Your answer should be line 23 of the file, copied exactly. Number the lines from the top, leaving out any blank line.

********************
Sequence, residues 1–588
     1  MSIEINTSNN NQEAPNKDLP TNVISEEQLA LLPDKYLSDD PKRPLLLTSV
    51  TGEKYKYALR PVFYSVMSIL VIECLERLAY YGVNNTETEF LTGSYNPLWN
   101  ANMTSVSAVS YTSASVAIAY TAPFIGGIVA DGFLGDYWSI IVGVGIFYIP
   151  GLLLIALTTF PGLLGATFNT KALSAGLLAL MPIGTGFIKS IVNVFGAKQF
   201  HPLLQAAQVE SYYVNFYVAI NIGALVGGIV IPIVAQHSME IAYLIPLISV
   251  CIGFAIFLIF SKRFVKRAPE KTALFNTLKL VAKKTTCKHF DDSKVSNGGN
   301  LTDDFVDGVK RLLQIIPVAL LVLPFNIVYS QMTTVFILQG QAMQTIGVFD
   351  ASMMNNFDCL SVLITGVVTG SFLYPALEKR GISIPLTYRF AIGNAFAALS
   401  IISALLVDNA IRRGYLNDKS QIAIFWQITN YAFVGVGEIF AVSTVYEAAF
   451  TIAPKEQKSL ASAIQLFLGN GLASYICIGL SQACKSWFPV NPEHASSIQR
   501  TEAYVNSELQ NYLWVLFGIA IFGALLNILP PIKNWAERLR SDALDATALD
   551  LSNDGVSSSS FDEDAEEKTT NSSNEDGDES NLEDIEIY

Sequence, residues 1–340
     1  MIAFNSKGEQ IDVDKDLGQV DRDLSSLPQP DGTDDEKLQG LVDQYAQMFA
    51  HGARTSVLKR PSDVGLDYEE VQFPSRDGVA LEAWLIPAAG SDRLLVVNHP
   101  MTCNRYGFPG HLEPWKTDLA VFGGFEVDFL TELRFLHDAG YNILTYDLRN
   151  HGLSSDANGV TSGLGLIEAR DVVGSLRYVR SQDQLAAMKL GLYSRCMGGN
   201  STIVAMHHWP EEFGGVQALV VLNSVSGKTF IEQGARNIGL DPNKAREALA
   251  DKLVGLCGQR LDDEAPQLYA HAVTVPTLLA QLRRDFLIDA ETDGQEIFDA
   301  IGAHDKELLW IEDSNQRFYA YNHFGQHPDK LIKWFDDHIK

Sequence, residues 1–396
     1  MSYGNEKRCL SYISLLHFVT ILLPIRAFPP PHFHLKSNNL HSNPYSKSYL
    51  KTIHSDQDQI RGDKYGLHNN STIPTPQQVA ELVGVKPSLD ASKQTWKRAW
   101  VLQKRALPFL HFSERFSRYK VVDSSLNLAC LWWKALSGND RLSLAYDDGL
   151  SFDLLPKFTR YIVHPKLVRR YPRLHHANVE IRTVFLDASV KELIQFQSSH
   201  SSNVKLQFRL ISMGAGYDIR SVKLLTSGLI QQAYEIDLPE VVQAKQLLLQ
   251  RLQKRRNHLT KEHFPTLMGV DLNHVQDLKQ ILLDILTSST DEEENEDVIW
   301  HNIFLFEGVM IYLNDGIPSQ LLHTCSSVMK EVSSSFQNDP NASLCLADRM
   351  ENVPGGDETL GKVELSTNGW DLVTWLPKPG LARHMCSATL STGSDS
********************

     1  MSYGNEKRCL SYISLLHFVT ILLPIRAFPP PHFHLKSNNL HSNPYSKSYL